Provides a Solid Foundation for Statistical Modeling and Inference and Demonstrates Its Breadth of Applicability Stochastic Modeling and Mathematical Statistics: A Text for Statisticians and Quantitative Scientists addresses core issues in post-calculus probability and statistics in a way that is useful for statistics and mathematics majors as well as students in the quantitative sciences. The book’s conversational tone, which provides the mathematical justification behind widely used statistical methods in a reader-friendly manner, and the book’s many examples, tutorials, exercises and problems for solution, together constitute an effective resource that students can read and learn from and instructors can count on as a worthy complement to their lectures. Using classroom-tested approaches that engage students in active learning, the text offers instructors the flexibility to control the mathematical level of their course. It contains the mathematical detail that is expected in a course for "majors" but is written in a way that emphasizes the intuitive content in statistical theory and the way theoretical results are used in practice. More than 1000 exercises and problems at varying levels of difficulty and with a broad range of topical focus give instructors many options in assigning homework and provide students with many problems on which to practice and from which to learn.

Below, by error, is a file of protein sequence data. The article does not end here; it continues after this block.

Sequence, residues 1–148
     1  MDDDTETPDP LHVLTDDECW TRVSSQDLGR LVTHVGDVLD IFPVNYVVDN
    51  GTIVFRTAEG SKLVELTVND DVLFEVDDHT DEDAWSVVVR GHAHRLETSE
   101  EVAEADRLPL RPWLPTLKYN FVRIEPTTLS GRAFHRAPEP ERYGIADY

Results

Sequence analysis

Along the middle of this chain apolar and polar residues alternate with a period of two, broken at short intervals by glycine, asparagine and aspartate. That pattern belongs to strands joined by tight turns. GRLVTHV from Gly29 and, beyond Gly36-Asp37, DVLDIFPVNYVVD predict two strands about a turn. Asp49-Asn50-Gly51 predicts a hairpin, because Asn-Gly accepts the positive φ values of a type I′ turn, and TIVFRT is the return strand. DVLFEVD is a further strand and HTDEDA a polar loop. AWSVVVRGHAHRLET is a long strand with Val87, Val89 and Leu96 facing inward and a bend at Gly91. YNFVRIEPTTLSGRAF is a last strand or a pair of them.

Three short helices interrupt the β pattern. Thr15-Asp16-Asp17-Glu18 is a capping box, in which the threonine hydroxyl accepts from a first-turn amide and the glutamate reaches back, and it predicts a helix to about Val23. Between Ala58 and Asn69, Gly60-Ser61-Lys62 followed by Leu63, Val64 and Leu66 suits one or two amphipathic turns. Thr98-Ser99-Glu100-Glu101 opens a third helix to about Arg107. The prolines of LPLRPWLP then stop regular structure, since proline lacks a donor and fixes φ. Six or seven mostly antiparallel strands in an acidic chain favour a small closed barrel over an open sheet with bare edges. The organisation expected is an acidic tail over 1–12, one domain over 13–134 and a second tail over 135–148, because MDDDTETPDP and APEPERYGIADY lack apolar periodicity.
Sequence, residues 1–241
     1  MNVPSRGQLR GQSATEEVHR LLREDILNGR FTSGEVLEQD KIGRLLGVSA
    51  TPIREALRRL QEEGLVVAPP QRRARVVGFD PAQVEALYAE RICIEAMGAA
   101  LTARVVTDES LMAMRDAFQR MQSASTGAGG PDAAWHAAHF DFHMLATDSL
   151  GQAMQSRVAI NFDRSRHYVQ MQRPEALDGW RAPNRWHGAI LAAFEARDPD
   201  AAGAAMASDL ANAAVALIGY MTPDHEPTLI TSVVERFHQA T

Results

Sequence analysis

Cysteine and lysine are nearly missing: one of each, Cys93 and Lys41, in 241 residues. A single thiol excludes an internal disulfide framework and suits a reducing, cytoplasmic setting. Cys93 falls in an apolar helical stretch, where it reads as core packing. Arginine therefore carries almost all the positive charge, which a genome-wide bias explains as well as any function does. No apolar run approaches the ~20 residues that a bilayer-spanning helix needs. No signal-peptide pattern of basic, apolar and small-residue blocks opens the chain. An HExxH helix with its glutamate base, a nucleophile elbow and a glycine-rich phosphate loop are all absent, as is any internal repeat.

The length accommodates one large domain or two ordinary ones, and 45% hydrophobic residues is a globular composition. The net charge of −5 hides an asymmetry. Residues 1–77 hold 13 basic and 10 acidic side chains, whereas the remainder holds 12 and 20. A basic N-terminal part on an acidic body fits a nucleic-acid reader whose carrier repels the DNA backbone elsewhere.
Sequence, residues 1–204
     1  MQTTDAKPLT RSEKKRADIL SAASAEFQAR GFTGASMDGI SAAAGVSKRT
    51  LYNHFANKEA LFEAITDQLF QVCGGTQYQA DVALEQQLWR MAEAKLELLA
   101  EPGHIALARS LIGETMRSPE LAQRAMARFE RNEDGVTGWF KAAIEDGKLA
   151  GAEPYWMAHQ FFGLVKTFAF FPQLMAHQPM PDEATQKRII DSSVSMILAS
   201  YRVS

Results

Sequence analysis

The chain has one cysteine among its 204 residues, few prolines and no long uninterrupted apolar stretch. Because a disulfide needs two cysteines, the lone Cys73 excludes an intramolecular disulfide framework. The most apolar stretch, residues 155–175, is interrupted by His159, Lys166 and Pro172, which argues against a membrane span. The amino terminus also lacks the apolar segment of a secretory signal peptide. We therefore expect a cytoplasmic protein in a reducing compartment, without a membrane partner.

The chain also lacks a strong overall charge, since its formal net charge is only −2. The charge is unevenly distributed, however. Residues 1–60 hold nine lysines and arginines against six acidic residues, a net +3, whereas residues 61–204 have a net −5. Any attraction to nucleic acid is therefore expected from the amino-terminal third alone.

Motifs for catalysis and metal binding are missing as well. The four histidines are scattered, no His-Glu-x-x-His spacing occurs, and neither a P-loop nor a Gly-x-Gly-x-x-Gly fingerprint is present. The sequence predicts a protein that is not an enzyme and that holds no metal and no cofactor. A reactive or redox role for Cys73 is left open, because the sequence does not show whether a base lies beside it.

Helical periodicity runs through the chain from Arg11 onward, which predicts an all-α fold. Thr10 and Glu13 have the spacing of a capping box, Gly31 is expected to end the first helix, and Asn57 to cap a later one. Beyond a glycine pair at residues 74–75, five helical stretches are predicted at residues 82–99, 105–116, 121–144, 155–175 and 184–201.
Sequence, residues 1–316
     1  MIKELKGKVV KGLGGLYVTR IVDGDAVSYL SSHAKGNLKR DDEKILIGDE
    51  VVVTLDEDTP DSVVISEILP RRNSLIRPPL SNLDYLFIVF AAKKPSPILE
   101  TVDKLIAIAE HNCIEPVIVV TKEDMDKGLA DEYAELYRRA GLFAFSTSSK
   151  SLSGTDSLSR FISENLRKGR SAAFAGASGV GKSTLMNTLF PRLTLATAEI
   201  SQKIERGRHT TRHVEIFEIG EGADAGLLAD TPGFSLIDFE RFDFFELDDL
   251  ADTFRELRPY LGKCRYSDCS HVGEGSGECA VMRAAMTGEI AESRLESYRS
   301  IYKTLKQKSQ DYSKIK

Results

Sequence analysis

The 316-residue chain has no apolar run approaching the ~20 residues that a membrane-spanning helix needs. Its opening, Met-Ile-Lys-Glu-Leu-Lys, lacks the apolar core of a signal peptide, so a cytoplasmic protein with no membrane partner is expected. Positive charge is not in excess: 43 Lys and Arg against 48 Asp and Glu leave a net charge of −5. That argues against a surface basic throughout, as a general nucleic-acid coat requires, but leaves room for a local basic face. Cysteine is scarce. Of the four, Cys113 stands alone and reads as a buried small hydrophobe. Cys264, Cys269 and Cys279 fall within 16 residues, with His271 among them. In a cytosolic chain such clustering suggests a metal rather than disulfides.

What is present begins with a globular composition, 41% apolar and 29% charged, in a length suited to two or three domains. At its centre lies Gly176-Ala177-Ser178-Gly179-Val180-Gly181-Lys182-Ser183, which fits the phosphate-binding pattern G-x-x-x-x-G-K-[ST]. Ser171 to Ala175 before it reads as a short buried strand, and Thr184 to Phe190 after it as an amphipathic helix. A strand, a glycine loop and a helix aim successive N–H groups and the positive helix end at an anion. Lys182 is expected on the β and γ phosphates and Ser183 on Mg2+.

A major tool for quality control and management, statistical process control (SPC) monitors sequential processes, such as production lines and Internet traffic, to ensure that they work stably and satisfactorily. Along with covering traditional methods, Introduction to Statistical Process Control describes many recent SPC methods that improve upon the more established techniques. The author—a leading researcher on SPC—shows how these methods can handle new applications. After exploring the role of SPC and other statistical methods in quality control and management, the book covers basic statistical concepts and methods useful in SPC. It then systematically describes traditional SPC charts, including the Shewhart, CUSUM, and EWMA charts, as well as recent control charts based on change-point detection and fundamental multivariate SPC charts under the normality assumption. The text also introduces novel univariate and multivariate control charts for cases when the normality assumption is invalid and discusses control charts for profile monitoring. All computations in the examples are solved using R, with R functions and datasets available for download on the author’s website. Offering a systematic description of both traditional and newer SPC methods, this book is ideal as a primary textbook for a one-semester course in disciplines concerned with process quality control, such as statistics, industrial and systems engineering, and management sciences. It can also be used as a supplemental textbook for courses on quality improvement and system management. In addition, the book provides researchers with many useful, recent research results on SPC and gives quality control practitioners helpful guidelines on implementing up-to-date SPC techniques.